old water tower
Photo Courtesy Ken
Rudine, June 2005
a Pecan Shell
earlier, Corrigan didn't get a jump start until the arrival of the
Houston, East and West Texas Railway in 1881. Pat Corrigan, conductor
on the first train to arrive was given the honor of having the town
named after him.
The Trinity and Sabine Railway arrived the following year. Having
two railroads were a boon to area lumber companies, and in the early
1880s there were as many as seventeen sawmills operating in the vicinity.
A post office was granted in 1883. By 1900, Corrigan's population
was a respectable 461 residents.
Corrigan had a bottling works, stone quarries, sand pits, and of course,
cotton. This diversified economy
buoyed Corrigan through the hard times when the mills shut down. After
the timber was nearly exhausted, particleboard plants appeared after
reached just over 1,400 in the early 1950s, but declined to less than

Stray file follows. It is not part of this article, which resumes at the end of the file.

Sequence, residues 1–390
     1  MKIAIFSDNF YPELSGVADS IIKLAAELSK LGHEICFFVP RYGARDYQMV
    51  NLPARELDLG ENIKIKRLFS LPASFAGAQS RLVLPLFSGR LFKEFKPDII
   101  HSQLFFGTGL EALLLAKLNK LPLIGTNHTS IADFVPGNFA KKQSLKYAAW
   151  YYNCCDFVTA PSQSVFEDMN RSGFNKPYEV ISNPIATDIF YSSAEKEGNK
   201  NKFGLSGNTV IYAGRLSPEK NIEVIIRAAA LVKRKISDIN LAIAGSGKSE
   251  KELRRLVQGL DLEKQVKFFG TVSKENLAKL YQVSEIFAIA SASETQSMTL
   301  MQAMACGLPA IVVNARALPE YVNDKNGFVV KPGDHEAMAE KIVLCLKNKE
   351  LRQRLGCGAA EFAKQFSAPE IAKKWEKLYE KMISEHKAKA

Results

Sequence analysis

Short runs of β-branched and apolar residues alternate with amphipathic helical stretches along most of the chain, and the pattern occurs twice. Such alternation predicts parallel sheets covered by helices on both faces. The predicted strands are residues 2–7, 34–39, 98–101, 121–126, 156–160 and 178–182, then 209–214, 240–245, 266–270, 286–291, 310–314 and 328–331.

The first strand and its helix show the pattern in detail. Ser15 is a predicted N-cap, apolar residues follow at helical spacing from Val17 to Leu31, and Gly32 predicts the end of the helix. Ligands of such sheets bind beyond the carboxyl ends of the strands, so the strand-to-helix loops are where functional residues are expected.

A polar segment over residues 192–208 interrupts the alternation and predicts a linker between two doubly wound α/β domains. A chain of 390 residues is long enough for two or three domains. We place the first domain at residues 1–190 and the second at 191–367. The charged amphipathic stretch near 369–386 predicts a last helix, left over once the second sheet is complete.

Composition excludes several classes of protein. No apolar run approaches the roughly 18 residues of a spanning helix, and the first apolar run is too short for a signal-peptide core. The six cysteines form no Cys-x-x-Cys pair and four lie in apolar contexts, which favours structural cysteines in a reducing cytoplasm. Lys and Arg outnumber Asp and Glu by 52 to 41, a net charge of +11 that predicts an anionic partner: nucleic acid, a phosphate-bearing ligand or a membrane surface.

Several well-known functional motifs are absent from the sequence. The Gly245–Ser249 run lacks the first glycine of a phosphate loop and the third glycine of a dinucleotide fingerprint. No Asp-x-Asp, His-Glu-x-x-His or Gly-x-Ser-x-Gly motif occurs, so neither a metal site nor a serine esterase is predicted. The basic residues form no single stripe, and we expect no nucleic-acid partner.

a thousand by 1960. It has since increased to over 1,700.
Ruth in East Texas by Bob Bowman
Imagine, if you can, baseball slugger Babe Ruth walking around a field
and shoveling cow manure. In 1923, Ruth joined fellow baseball players
for a series of exhibition games in Texas, including three which were
played at Corrigan, 22 miles north of Livingston, in a pasture owned
by Mrs. P.B. Maxey...
in its purpose to preserve historic, endangered and vanishing Texas,
asks that anyone wishing to share their local history and vintage/historic
photos, please contact